Monday, January 16, 2012

Are the grammar books all right about alright?

I used to be a bit of a perfectionist when it came to language. I was known — infamous, I should say — for correcting everyone’s grammar, from the time I first learned what grammar was, all the way to the time I started learning about the differences between prescriptive and descriptive grammar. Nowadays, I’ve given up correcting people’s grammar — not because it doesn’t need correcting (!), but because I’ve learned that it is practical usage, even incorrect usage, that moves the wheels of language. If people are going to start spelling nightlight as nitelite, well, why not? If people want to use they in the singular, well, this has a long pedigree in English usage (if it was good enough for Shakespeare). And if people want to spell all right as one word, alright, let them.

For the record, I spell it all right, and consequently, it tends to catch my eye when people spell it alright. This is what happened while I was reading a political commentary by the well-known journalist, David Frum. The title of the column is, “In South Carolina, the kids are not alright” [link]. The title doubly caught my eye, and you might be able to guess why. Frum adopts the renegade spelling alright, referring to a song by The Who in which it is so spelled. But the same phrase is the title of a successful, award-winning film, The Kids Are All Right. See that? Thirty-five years more recently than the song, and thirty-one more recently that a documentary film about The Who with the same title, the newer film reverts to the “correct” spelling. My guess is that the 1965 song was the inspiration for the title of the 2010 film, but I don’t know that for a fact.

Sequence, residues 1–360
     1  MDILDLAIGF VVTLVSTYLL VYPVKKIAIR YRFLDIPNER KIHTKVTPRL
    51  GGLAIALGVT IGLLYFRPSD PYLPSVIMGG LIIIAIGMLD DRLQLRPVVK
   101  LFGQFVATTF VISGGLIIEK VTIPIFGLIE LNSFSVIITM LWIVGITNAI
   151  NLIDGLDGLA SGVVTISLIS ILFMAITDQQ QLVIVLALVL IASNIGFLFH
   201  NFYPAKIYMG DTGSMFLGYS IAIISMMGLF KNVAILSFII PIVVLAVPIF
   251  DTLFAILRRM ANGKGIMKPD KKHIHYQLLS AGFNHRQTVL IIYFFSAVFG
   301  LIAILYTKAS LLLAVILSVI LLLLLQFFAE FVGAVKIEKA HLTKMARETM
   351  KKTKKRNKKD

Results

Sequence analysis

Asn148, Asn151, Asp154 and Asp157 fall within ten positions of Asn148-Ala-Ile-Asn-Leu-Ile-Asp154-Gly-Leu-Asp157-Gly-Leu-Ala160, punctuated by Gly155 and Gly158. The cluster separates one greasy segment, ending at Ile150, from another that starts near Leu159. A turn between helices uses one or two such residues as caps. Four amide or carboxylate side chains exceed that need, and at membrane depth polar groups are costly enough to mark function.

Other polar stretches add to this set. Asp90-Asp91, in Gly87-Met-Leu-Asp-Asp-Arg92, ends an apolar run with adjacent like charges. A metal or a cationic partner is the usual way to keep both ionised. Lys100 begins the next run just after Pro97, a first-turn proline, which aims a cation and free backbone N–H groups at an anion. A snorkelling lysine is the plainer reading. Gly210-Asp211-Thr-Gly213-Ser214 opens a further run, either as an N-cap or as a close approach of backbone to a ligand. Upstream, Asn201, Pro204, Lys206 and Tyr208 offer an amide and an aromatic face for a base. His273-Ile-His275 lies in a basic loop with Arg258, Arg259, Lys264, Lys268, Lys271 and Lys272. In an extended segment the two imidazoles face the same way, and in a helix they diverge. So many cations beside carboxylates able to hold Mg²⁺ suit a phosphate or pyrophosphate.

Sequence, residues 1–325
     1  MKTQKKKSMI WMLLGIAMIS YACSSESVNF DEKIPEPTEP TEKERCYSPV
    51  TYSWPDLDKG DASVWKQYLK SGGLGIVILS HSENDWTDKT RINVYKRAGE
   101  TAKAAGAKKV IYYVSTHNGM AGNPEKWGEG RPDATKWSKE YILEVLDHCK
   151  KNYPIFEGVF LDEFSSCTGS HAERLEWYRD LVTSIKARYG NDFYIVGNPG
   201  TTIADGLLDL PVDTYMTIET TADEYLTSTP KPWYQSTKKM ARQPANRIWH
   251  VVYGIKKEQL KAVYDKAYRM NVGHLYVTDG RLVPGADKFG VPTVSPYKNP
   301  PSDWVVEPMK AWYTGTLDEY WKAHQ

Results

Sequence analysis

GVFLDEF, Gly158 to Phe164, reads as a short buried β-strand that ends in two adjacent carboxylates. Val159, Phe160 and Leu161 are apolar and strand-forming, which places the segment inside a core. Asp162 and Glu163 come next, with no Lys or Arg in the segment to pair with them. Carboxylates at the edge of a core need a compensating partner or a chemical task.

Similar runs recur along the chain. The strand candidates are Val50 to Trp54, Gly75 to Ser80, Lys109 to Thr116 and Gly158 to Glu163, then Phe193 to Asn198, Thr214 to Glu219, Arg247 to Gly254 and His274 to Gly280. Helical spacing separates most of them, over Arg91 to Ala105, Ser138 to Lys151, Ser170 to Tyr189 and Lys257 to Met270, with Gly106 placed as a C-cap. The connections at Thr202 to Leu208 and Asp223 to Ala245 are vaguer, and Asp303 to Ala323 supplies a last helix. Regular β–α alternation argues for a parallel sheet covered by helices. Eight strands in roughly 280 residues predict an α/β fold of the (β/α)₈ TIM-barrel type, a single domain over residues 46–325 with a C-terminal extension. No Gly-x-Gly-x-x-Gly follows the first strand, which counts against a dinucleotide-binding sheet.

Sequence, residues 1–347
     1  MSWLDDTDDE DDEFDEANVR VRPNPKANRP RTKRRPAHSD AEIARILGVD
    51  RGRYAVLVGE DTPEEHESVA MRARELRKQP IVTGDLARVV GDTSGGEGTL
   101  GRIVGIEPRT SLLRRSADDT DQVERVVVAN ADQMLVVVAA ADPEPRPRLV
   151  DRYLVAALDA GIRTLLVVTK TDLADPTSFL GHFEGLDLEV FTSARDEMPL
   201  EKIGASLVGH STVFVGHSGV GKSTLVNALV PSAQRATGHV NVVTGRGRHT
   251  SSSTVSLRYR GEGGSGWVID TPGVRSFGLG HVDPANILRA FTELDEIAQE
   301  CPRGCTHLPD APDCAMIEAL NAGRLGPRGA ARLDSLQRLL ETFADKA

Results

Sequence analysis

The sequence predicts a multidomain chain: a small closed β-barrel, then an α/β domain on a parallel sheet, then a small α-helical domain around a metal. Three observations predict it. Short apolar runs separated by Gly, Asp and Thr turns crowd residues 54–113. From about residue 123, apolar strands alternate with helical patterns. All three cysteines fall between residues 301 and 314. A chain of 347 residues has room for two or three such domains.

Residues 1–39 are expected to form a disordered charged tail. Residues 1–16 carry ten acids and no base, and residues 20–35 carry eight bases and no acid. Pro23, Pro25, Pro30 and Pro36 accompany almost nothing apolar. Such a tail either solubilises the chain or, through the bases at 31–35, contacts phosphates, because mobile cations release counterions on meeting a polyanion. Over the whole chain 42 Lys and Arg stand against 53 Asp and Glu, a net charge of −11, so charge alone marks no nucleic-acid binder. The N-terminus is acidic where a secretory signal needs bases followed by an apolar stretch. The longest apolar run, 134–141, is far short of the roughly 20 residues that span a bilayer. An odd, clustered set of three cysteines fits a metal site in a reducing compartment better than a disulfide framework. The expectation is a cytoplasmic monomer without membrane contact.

But although (all though) I write all right, it doesn’t bother me when others write alright. Why not? Apart from the fact that the linguistic winds are always (all ways) blowing change into the sails of the language, and apart from the fact that the compound form is already (all ready) deeply entrenched in popular usage, there is a long, legitimizing history of this form. The first edition of the Oxford English Dictionary has it, marked obsolete, and dates one of its earliest uses (c. 1230) to a passage in the Ancrene Riwle. The OED gives the passage thus, “And alriht so of þe oðre wittes”. In fairness, some editors of this work have transcribed it al riht (two words). For example, J.R.R. Tolkien [1], and much more recently, Bella Millett [2]. In fact, most editions of the Ancrene Wisse have it as two distinct words, though I have seen one or two which have it as a single compound word, and it was obviously also (all so) the case with the edition consulted by the staff of the OED. How can we answer which is right, among all the extant manuscripts, and with all the editorial preferences imposed on them? [3]

But this is rather beside the point, or perhaps it even reinforces the point, as I hope some of the parenthetical phrases in the preceding paragraph suggest. All right comes down to us from the Middle English al riht(es) or alriht(es), in turn from Old English eal(l) riht or eal(l)riht. Certainly, the origin of this, and all of these similar collocations, is as two distinct words, but it has been written as one for nearly as long as it has two. In my view, there is no reason for anyone to feel guilty about writing alright, all right? It’s a perfectly good word, albeit (all be it) wrong by convention. But grammar is a fragile thing. Tomorrow, who knows?